Do you belong to a homebrew club? What is it?
    No. I have some homebrewing friends who share information & beers when we meet up.


    Where do you brew? Inside/outside?
    I brew on the patio outside the back door. I put the gazebo up in bad weather.


    Where do you ferment? Have you had to do anything creative to facilitate this?
    Ontop of the fridge where my two-and-a-half-year-old daughter can't get it! Its a bit tricky raising 40 pints of liquid above your head!


    Do you have a pet name for your homebrewing enterprise? If so, can you give us a little background?
    Hyperbole Brewery - 'cos all my beers are amazing! I like the word hyperbole as you can claim what you want & people (hopefully) know you're not being too serious. Also that some Americans might think its a sports fixture at the end of the regular season.


    How large are your batches?
    Almost exclusively 40 pints limited by the size of my mash tun.

  • Up next in our ongoing interview series is a man with drive and ambition to spare.  He comes to us from lovely Novato, CA.  When he's not out whipping someone into shape, he can probably be found whipping up his next batch of homebrew.  Let's give a warm cellar welcome for Mr. Alan Atha.  You can also find out more about Alan at his blog Beltane Brewing

    Name:   Alan Atha
     
    Day Job:  Personal Trainer/Cycling CoachPB050001
     
    When did you start homebrewing?
    I went full bore one year ago.
     
    What got you into homebrewing? A person? An unfulfilled interest?  Sheer boredom?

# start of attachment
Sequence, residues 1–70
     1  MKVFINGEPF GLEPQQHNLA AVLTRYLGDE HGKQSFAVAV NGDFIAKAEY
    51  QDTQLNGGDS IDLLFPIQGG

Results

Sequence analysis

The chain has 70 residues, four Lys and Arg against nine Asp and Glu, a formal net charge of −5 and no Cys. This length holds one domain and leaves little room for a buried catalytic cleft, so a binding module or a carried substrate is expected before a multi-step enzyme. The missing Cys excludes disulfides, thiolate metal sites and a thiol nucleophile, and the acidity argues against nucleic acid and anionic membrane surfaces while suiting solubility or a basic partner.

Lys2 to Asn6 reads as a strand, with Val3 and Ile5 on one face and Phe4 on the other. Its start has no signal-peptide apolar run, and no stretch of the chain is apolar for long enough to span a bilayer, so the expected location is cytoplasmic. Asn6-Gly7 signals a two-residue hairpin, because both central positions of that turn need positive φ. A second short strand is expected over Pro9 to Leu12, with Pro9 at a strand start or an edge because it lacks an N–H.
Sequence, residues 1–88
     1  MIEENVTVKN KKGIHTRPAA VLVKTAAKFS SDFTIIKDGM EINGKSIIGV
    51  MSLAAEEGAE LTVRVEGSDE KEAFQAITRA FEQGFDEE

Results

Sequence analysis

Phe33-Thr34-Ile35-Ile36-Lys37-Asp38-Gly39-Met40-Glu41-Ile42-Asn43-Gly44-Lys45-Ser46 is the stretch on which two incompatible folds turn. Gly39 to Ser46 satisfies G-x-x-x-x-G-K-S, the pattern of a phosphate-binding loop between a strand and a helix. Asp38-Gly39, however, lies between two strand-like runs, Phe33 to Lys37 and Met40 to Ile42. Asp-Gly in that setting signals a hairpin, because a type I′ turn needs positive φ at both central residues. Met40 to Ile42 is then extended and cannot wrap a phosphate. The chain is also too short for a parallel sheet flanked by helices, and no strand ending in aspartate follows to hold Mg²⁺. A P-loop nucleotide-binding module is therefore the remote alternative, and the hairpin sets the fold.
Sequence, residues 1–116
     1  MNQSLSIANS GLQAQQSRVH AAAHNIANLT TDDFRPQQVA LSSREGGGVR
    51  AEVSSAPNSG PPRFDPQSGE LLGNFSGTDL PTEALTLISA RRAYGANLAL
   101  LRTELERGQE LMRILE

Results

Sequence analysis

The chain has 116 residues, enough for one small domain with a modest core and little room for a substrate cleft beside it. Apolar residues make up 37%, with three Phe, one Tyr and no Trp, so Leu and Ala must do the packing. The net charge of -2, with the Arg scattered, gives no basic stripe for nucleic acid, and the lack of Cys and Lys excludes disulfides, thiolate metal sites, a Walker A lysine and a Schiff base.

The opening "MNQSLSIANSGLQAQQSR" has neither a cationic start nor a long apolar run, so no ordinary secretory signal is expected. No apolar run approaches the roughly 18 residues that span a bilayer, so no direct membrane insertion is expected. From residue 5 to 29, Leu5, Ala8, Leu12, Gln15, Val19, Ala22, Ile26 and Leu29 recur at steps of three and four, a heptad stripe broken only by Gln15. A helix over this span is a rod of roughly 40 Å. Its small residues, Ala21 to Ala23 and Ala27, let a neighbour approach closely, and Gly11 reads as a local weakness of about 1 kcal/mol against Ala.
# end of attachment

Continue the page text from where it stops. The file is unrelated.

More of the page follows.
I had the flu and was in bed reading a Savor Magazine.  It had a great article on the new Italian Brewing scene and I loved the article.  I then went onto the web to delve further into this particular topic, having been in the Piedmont area and only drinking wine!  I immediately went out and bought a used set up, 15 gal capacity with pumps for a HERMS build.  This set up came with a 14.5 Blickman fermenter and I was set up!
     
  • Imagine, as a homebrewer, having three months every summer with nothing to do but watch reruns.  Our newest homebrewer has just such a problem.  As a teacher (bravo), he has the summer months to himself and is making the most of it.  Having just started homebrewing late last year, this homebrewer is making up for lost time.  Welcome to the Comfy Computer Chair of Fame, Mr. Greg Yelland.  They teach psychology in high school?  

    Name:
    Greg Yelland Greg Yelland

    Day Job: High School psychology teacher and varsity assistant baseball coach

    When did you start homebrewing?
    I brewed my first ever batch (Brewers Best Red Ale) on November 17th, 2011.


    What got you into homebrewing? A person? An unfulfilled interest? Sheer boredom?
    I was in desperate need of a hobby. My wife travels for work a lot and I am stuck at home watching "Back to the Future" for the third time in the same weekend. I knew a couple of friends who homebrewed so I called them up. They gave me a list of items I would need to start, and I celebrated my 29th birthday by purchasing my beginners brewing kit.


    Do you belong to a homebrew club? What is it?
    Currently, no. But I do have a handful of friends who all come together on brew days and hang out. And because we brew at least once a month I guess it could constitute as a club. I suppose I should start collecting their dues...


    Where do you brew? Inside/outside?
    I began brewing in the kitchen. My wife didn't mind too much as long as I cleaned up promptly when I was finished... but I needed more space. I have gotten to be very OCD when it comes to setting up my brew days. I set up my turkey fryer outside along with a folding table. I lay out all of my equipment and resources to make sure everything is accounted for and clean. I have found that being outside makes the experience better for me, regardless of the cold Michigan winters. It is the same feeling you get sitting in the woods waiting for that monster buck... being outside in Michigan is a beautiful thing!